I’ve always been somewhat baffled by just how “excited” everybody gets when “Put It In your Mouth” comes on in the club. For all intensive purposes, it usually comes on at the point in the night when the party goes from the joint to pajama jammy jam levels. Hell, as far as great unifiers go, the only musical entity bringing together more people is Justin Timberlake.
But there you have it, “Put It In Your Mouth” the oral sex anthem from 1996 is still going strong. And there’s a reason for it. It just might be one of the few hip-hop songs where men and women are equal. Sure there are lots of songs where a man and woman trade bar, but in almost all of them, the woman hoes herself with tremendous aplomb. Think Trina in “Nann N*gga”. She’s talking about smanging five or six best friends etc, which I’m fairly certain isn’t exactly female empowerment. I could be wrong on this as my feminist handbook got run over by either a Beamer, Benz, or Bentley.
Me and my n*ggas trynna get it ya bish.
By the way, I know it’s “all intents and purposes”. Keep calm and rub t*ts if you love Big Poppa.
“Put It In Your Mouth” on the other hand gives the woman equal time to let the man know exactly what he needs to be doing to please her. And the dude, in this case, Akinyele, is listening, taking notes, presumably because he’s going to eaaaaaaaaaaaaaaaaat her ouuuuuuuuuut.
Let’s switch gears for a second. Hip-hop has an interesting relationship with female empowerment. If I get any of this wrong, feel free to correct me. Purge me, Brother Numsie. I want the knife. Please. But aside from “Ladies First”, Queen Latifah’s first single where she actually looks older than she IS now and “U.N.I.T.Y.” there aren’t too many known songs where women are “taking a stand” and its not sexual. It seems like all female empowerment in hip-hop is of the sexual variety. She’s pulling dude moves by sexing anybody she feels when she feels it. It’s that Ronnie Ho stuff from The Player’s Club. Aggressive, assertive women who play the game like men do. Except while most men enjoy the sexual nature of the lyrics, I don’t know that any dude was every trying to seriously wife Lil Kim or Foxy Brown. Sure we all talked about smashing, but does anybody know a dude who was like, “yo, I’d like to see if I could build something with a chick like Lil Kim?”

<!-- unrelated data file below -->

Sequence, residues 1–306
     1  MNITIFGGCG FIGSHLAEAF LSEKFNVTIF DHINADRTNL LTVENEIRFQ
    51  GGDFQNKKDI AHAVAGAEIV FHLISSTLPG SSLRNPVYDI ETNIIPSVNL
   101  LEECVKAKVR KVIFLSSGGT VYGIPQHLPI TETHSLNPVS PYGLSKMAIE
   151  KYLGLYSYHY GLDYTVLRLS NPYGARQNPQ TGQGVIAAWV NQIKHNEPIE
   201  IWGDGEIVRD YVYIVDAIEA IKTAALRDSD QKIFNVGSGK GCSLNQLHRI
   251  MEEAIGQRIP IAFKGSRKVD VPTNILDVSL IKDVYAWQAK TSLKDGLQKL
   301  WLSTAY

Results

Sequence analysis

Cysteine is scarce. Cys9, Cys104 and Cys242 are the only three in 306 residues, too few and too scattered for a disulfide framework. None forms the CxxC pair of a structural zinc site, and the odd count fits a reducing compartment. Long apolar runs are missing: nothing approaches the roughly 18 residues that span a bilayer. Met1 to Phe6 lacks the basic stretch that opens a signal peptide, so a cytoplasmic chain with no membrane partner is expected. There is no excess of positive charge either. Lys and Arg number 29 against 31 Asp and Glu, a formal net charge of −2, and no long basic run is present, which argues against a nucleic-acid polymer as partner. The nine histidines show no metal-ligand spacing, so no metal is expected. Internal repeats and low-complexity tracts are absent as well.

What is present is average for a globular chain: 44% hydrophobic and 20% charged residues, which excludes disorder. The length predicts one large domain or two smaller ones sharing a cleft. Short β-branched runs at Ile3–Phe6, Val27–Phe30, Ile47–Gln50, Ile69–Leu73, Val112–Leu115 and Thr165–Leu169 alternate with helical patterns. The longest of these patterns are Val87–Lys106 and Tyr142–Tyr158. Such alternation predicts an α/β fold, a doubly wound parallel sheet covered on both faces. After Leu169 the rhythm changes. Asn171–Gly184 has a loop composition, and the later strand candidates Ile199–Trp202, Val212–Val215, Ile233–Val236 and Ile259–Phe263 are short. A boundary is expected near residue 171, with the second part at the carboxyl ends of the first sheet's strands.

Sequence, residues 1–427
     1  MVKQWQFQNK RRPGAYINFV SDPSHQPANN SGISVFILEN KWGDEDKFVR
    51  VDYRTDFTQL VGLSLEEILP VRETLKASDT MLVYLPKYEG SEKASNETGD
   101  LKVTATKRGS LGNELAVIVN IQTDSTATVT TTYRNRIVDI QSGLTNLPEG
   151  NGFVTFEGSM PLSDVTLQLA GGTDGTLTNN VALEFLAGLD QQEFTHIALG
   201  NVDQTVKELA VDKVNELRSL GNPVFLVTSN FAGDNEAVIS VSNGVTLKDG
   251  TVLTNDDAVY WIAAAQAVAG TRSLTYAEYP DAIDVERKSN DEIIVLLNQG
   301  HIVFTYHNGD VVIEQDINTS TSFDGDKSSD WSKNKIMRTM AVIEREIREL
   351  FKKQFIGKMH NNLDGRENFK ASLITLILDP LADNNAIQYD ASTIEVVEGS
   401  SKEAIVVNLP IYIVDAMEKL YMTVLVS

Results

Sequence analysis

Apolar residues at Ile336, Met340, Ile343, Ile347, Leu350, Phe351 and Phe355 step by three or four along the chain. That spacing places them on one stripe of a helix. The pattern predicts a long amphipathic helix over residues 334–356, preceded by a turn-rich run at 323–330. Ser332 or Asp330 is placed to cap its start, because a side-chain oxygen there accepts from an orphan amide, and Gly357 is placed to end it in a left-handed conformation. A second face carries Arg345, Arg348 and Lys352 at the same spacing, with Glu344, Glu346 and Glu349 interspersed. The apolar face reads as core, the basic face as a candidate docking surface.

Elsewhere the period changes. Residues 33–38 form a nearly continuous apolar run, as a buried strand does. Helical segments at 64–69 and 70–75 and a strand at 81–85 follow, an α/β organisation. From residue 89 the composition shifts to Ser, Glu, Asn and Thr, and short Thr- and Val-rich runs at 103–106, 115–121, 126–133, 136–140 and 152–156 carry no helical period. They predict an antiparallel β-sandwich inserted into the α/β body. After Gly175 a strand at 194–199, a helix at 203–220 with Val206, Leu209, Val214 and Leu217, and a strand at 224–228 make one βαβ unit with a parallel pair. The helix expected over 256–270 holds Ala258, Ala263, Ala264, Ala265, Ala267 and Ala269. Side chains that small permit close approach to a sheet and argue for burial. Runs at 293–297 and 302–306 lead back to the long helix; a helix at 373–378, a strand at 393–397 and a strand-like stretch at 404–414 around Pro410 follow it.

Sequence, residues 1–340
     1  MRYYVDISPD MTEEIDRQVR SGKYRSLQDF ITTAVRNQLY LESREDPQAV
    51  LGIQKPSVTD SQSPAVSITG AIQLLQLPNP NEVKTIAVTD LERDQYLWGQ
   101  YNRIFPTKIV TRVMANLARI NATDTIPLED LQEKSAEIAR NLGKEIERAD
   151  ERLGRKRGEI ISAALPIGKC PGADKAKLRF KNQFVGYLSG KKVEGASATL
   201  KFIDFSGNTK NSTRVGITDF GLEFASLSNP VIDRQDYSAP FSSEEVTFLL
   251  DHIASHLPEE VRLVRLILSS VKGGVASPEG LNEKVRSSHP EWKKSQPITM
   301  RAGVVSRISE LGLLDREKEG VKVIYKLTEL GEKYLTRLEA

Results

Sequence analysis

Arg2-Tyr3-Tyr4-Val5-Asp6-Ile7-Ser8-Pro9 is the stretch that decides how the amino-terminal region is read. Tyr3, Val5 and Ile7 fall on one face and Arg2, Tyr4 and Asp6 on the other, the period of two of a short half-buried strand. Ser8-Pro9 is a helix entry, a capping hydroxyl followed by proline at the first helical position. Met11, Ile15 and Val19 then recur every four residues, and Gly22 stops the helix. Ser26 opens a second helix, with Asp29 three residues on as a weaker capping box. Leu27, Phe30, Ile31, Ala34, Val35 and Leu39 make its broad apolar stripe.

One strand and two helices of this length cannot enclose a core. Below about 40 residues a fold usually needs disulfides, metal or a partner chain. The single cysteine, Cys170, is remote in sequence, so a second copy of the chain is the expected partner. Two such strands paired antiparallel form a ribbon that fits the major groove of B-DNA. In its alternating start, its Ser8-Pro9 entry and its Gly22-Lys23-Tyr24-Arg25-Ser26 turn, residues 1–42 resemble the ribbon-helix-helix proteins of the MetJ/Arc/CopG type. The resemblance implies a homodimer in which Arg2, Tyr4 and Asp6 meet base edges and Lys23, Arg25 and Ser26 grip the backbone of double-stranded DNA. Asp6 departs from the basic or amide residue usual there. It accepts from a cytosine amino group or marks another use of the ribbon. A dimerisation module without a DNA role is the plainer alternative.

I ain’t saying it ain’t possible, I’m just saying that you might not trust a dude who told you had real feelings for Lil Kim.
Now the reasons for this are probably simple. In order to make it in the man’s rap game the women had to appeal to the men. Long gone were the days where songs like “Poor Georgie” and “Paper Thin” were interesting to hear from women rappers. Even women rappers today like your Rhapsody’s don’t get much burn. Part of that is that you seem to have two types of women rappers, sexxy time rappers and women rapping about rapping – which bores the living f*ck out of most people regardless of gender. Go ask Tyrese aka Black Ty.
Back to empowerment. Men seem to be only accepting even decent rapping women like your Nicki Minaj’s – who is definitely a motherf*cking monster – when the oversexualize themselves. Chicks who can spit only seem to get notice if they dress like they stopped at Frederick’s of Hollywood. Obviously men have always viewed the fairer sex through sexual lenses but it seems like many women have not only embraced it but decided that its how they SHOULD be viewed. Odd future. So even if many women spitters are out there ridin’ ’round and gettin’ it in the booth, the truth is, the successful ones are only getting attention by being as lewd-a-crous as possible. Which is interesting since none of us claim to want to support this music.
You gotta believe in something. We all try. The girls try. The boys try. We all try.
Quite simply, I don’t really think of any of these women rappers as doing much to advance any agenda or equality since they’re all just stripping with words basically. And while I definitely support the cause of the video ho and the pole performing artists, I can’t say I really think they’re doing much for gender equality. It always feels lopsided.
Which brings us back to “Put It In Your Mouth”. It doesn’t feel lopsided. Yes, it’s about sex. But it’s about a man and a woman getting equal time and shine for the same reason…making sure the other knows what is about to go down. There’s almost…dare I say respect there? Plus, its one of the few songs that comes on in the club where dudes stop and listen to the woman in front of them singing the words.
Basically, it’s the only hip-hop song (that really comes to mind) where the man and the woman are equals.
A reach? Sure. But hey, you can’t break a few omelets unless you reach for the stars. Sadatay.
Is “Put It In Your Mouth” the only hip-hop song with true gender equality? Are there others?
What the hell is Panama talking about? Does anybody know?
Talk to me.
-VSB P aka THE ARSONIST aka MR. I WROTE 900 WORDS ABOUT PUT IT IN YOUR MOUTH aka GIIIIIIIIIIIIIIIIIIRL HE A 3